Healthcare workers’ willingness to work during an influenza pandemic
Citation: Aoyagi Y, Beck CR, Dingwall R, et al. Healthcare workers’ willingness to work during an influenza pandemic: a systematic review and meta-analysis. Influenza and Other Respiratory Viruses 2015; 9(3): 120–30
What is this? COVID-19 is placing a great strain on healthcare workers. Previous research has examined how their willingness to work is affected during an influenza pandemic and might suggest points of intervention to increase willingness to work during the COVID-19 pandemic.
In this systematic review, the authors searched for cross-sectional surveys of healthcare workers’ willingness to work during an influenza pandemic. They did not restrict their search by date of publication but did limit to articles published in English. They did their search up to April 2013. They identified 43 studies from 11 countries (including 21 studies from the USA).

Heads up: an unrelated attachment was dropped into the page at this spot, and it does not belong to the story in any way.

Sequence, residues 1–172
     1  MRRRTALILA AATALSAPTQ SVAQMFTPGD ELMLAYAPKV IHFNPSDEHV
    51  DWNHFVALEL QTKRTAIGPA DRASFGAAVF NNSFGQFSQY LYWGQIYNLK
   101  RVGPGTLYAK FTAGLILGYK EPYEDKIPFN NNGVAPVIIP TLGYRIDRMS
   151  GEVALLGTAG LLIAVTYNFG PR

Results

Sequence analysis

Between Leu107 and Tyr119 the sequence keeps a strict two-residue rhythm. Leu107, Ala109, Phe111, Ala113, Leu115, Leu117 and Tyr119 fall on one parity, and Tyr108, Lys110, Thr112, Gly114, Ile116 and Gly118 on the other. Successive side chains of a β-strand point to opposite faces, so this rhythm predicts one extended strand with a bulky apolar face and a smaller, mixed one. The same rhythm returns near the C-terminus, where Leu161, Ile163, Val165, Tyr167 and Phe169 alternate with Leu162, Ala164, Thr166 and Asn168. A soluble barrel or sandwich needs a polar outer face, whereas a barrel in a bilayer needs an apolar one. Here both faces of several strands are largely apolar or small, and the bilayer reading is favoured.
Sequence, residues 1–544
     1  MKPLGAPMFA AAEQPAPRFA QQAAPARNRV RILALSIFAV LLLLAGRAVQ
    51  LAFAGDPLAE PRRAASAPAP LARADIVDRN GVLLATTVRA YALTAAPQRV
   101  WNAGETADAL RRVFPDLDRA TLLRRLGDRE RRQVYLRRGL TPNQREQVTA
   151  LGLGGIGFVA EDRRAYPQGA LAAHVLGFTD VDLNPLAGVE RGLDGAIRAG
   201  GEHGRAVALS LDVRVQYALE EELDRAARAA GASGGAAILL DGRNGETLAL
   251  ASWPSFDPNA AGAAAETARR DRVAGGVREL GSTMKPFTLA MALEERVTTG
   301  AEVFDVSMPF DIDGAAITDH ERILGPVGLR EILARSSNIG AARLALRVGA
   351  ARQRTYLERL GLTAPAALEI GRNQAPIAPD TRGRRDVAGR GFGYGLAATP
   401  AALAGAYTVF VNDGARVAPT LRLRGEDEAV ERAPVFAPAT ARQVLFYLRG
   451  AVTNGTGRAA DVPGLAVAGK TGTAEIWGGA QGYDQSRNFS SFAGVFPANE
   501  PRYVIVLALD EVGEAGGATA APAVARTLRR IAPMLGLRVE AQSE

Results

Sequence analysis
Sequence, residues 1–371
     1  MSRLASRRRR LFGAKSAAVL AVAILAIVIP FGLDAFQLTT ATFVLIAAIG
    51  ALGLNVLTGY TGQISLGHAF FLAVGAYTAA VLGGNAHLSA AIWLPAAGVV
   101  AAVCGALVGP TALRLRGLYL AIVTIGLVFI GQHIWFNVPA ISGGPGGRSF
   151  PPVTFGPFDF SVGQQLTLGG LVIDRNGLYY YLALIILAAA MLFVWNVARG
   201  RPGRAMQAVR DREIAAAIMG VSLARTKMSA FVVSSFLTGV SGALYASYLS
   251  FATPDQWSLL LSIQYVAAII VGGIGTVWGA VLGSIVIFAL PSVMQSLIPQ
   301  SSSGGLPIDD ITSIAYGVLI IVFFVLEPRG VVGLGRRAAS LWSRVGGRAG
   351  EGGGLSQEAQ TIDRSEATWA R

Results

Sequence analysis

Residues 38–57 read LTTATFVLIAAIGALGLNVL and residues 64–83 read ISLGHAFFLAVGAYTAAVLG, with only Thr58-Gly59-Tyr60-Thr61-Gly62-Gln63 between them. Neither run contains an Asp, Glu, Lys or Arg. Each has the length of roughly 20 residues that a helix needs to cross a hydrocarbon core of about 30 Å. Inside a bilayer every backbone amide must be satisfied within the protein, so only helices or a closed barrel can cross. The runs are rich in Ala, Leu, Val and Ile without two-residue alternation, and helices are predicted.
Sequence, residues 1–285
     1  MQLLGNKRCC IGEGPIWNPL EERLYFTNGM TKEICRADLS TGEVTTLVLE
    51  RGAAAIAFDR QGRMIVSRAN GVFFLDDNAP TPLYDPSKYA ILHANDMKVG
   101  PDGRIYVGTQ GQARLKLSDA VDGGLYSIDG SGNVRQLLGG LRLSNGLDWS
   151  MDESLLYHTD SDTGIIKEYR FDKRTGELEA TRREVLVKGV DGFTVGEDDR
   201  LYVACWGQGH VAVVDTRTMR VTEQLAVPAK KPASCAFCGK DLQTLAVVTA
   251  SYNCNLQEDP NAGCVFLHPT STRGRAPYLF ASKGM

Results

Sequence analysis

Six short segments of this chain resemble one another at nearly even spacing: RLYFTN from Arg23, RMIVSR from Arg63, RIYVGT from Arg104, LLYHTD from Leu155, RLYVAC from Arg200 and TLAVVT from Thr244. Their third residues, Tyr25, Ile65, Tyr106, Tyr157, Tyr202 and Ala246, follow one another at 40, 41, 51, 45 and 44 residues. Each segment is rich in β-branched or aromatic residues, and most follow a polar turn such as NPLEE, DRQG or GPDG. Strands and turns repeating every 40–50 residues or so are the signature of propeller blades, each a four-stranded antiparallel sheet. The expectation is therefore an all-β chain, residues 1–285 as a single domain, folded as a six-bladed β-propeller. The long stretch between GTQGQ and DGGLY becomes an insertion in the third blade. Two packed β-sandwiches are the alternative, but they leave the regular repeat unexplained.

What was found: On average, healthcare workers’ willingness to work during an influenza pandemic was moderately high but widely variable (range: 23% to 96%).
Factors significantly associated with higher willingness to work during an influenza pandemic were being male, being a physician or nurse, full-time employment, perceived personal safety, awareness of pandemic risk and clinical knowledge of influenza pandemics, role-specific knowledge, pandemic response training, and confidence in personal skills.
Childcare obligations were significantly associated with decreased willingness to work during an influenza pandemic.
What’s uncertain: Estimates for willingness to work were highly variable and depended on context. There was inconsistency in how respondents in the studies included in the review were asked about their willingness to work.
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